Barbara The Vampire Slayer

Note: This review is from 2004

Review by Steve Bennett

Stockport's Mrs Barbara Nice, "mother of five and keen Take A Break reader", is a genius at audience interaction.

With her firm but jolly schoolmaamish manner, she gently bullies, patronises and cajoles us all to get up and have fun. However cynical the response, she won't take no for an answer and will beat each and every punter into grudging submission. If you disobey, you worry she'll tell your mum.

Thus we rehearse countless silly call-and-response scripts, up to and including a cheerful kiddies' song about a Sunshine Mountain, complete with actions, designed to cheer up depressed tykes. All good fun, in a "If You're Happy And You Know It' kind of way.

The strength of Janice Connolly's creation is that she's such an easily identifiable character. The hard-working, hard-gossiping mum on the boundary of the working and middle classes, set in her ways but good at heart, offers plenty of opportunity for affectionate mockery. She's well-enough defined to accommodate plenty of little asides and quirks, too, such as her endearing tendency for malapropisms, and there's a handful of wonderful character-defining jokes in here.

The only problem is that with all her silly games, she comes across as a compere in need of a show; amusing enough, but going nowhere. A fatal flaw when you're asking for an hour of someone's time.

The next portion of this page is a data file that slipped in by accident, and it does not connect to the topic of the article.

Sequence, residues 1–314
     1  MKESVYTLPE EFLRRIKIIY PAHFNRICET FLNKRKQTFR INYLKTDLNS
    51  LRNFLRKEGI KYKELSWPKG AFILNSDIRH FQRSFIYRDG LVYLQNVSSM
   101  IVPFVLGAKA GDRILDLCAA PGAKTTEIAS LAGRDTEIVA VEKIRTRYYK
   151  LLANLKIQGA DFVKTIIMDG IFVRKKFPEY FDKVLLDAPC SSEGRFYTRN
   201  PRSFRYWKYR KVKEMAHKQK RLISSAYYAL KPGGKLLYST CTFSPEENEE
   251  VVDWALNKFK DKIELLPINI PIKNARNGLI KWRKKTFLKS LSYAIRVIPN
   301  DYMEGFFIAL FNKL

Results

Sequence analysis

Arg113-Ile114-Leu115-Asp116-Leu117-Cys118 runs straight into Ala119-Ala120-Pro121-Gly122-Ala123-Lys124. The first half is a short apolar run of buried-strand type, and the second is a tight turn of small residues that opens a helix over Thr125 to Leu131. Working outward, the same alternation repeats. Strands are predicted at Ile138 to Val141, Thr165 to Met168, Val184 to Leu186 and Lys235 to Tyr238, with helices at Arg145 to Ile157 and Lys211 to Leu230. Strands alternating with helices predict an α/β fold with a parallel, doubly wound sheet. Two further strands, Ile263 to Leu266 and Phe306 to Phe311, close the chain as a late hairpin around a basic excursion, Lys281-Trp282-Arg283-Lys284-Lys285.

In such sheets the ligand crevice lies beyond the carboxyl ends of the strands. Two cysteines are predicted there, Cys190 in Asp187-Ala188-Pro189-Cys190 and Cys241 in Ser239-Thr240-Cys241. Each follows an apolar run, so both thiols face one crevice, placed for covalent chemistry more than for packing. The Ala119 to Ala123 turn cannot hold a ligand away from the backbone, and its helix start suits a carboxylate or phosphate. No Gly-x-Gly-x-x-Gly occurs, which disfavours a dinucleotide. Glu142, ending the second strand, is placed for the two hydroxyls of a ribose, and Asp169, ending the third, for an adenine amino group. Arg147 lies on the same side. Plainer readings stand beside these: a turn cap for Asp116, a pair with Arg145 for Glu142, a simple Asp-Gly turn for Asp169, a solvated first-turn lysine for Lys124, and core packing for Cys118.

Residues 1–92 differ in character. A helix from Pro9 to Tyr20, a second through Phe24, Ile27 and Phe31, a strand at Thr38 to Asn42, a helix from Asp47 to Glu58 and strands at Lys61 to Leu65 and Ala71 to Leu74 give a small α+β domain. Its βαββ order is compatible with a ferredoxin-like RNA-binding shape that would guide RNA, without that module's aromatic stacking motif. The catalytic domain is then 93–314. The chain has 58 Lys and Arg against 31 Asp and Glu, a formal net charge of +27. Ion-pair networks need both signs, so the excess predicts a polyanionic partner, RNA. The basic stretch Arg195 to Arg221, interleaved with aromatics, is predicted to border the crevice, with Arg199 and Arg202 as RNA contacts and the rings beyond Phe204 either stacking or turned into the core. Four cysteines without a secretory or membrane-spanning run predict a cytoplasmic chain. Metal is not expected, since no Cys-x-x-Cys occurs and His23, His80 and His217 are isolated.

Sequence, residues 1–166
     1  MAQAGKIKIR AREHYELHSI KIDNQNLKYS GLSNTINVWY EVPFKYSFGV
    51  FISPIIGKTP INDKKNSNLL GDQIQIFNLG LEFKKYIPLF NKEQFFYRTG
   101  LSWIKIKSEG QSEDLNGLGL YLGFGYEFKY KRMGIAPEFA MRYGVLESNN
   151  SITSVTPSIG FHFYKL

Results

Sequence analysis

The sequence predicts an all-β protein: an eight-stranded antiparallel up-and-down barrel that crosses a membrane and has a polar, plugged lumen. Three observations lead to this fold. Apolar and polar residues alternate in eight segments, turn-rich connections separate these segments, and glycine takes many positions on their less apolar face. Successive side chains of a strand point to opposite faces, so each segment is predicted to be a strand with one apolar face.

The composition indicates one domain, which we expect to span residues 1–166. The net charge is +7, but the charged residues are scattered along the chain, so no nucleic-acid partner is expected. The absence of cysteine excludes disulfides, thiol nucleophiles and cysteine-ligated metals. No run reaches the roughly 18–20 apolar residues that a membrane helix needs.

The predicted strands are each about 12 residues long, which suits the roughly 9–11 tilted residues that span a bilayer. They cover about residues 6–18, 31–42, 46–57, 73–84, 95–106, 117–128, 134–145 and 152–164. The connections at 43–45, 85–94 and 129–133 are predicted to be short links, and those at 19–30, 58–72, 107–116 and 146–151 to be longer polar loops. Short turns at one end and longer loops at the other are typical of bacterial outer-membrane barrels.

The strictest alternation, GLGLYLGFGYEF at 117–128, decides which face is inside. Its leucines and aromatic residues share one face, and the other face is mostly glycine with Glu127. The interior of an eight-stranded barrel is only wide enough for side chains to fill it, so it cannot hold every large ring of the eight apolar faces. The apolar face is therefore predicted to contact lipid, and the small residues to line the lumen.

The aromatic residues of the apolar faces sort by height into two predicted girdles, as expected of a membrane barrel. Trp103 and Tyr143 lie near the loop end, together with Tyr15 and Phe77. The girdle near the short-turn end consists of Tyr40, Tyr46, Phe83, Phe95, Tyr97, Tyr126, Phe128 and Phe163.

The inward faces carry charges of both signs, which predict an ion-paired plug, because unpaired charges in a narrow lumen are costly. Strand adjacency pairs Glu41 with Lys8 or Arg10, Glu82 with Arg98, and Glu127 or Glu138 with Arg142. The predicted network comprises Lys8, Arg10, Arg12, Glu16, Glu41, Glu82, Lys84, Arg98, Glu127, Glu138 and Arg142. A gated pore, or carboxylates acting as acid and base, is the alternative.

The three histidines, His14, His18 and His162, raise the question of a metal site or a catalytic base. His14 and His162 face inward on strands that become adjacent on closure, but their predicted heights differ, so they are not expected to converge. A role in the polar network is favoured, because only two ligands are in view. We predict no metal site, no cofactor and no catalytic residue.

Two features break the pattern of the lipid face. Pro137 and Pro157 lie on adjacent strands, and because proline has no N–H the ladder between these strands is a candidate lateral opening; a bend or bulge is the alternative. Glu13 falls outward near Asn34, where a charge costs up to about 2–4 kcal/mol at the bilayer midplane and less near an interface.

Eventually, we do get to a hint of substance, some Buffy-inspired Stuff and Nonsense about slaying the undead who roam the streets of Stockport. Thus we get a dreadfully amateurish film of her vanquishing vampires (its slapdash approach being the point, of course) before the whole show deteriorates into a mess of half-hearted, cheap parody.

To lampoon such shoddiness is harder than it looks, especially when the targets are hard to identify. Get it wrong, and it just looks shoody. This finale is presumably meant to be just some more mindless fun ­ but it only gets it half right.

Barbara Nice is such a strong character, it would be great to see her used much better ­ perhaps in something more rooted in reality, than this cheap and only sometimes cheerful nonsense.

Review date: 1 Jan 2004
Reviewed by: Steve Bennett

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